Through the practice of dispassion, we can loosen the knots that keep us earthbound and soar to new spiritual heights. Tumbler pigeons have been popular in India for centuries. They get their name from their breathtaking way of dropping suddenly in free flight and doing somersaults as they fall, then spreading their wings and soaring back into the sky. And they have tremendous endurance.
They can fly without rest for 8 to 12 hours, and in India—especially in the south, where I grew up—the onset of the monsoon rains heralds marathon competitions to see whose pigeons can stay aloft the longest. It is easy to understand why raising these beautiful birds has been a sport for maharajas since Akbar the Great.
This is one passion that rajas have in common with children, and when I was a boy, a cousin and I decided to raise pet pigeons ourselves. Our ancestral home had wide courtyards and second-story tiled roofs, rather like a Spanish hacienda, and every morning these tumblers would come to sit on the red roof tiles and wait for rice or black gram to be spread on the courtyard to dry in the sun. It was not easy to make friends with the birds at first, but my cousin figured out a way that we could crawl up under the roof from the inside, slowly remove one or two tiles, and then stretch our hands out gently with a little black gram in our palms.
For days nothing happened. But after a while one pigeon decided that I was a friend and my hand was a hospitable hand, and he came over and tentatively pecked at my palm.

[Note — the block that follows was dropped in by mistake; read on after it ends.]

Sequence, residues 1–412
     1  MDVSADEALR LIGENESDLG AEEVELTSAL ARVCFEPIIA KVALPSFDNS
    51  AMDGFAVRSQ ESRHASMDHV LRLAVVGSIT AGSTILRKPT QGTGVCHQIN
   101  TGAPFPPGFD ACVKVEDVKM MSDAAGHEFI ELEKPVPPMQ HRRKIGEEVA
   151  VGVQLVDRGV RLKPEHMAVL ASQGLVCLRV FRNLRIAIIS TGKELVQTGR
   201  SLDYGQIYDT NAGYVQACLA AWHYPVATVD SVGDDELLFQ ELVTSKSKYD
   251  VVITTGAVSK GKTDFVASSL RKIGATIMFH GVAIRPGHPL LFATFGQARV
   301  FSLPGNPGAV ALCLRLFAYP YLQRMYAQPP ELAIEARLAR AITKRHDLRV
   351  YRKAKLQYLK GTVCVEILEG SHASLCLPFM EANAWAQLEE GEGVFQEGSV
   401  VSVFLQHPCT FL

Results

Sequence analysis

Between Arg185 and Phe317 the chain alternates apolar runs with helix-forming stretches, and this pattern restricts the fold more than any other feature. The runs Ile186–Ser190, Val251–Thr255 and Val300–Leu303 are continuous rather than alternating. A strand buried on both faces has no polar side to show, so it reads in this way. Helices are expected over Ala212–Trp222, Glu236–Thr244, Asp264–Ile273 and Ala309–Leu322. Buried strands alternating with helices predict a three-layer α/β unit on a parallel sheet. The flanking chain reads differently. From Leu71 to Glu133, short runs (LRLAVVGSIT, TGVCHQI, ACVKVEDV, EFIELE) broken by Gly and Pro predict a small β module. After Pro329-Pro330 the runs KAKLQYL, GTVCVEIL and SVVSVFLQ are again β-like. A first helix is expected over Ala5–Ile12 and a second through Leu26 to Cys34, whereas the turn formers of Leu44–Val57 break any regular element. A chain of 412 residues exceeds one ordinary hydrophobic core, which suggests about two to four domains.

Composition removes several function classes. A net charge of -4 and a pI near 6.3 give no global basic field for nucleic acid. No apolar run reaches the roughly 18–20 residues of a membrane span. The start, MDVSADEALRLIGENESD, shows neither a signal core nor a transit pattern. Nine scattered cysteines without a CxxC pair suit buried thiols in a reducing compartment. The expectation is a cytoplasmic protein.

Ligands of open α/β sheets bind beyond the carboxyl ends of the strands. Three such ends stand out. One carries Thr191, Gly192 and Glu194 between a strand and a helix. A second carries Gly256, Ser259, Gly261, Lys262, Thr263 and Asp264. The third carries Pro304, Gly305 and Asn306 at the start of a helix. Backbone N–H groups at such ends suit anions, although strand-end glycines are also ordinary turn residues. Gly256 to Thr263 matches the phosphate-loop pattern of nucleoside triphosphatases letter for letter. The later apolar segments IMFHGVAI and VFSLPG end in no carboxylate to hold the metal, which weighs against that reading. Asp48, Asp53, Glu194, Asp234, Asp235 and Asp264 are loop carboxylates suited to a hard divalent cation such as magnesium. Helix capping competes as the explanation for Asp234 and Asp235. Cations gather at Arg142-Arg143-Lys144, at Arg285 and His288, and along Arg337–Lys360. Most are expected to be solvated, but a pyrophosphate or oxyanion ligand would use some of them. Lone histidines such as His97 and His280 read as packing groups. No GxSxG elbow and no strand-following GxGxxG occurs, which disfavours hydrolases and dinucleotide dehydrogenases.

If you do not like pigeons, I admit, that pecking can hurt. And once they start pecking they pace around excitedly in circles and call “coo! coo!” to their fellows, so that quickly you have quite a number of them pecking at the grain in your palm. It took some patience to keep our hands still, but once they began to trust us, we could slowly get hold of the bird we liked and it wouldn’t even struggle.
We didn’t know anything about pigeons when we started keeping them as pets. But children have a lot of time for pigeons, and we took good care of them. We learned their favorite cereals and kept a fresh supply of them in half a dozen small pots. My cousin made little wooden homes which we upholstered with cotton from the fields. The result was so comfortable that one of my friends exclaimed, “Wouldn’t I like to be a pigeon and have a nice little home like that!”
Pigeons, of course, are used to flying freely. Until they became accustomed to living with human beings, we had to tie their wings. Some of the girls in my family were experts at this. They knew just how to hold the pigeon, spread its wings gently like a Japanese fan, and tie them loosely with a thread so that the bird would not be able to fly away. For a few days the bird stayed in the courtyard while we made friends, pecking up the food we tossed out for it and going in and out of its little home. Then we would untie the wings and release the little creature into the air.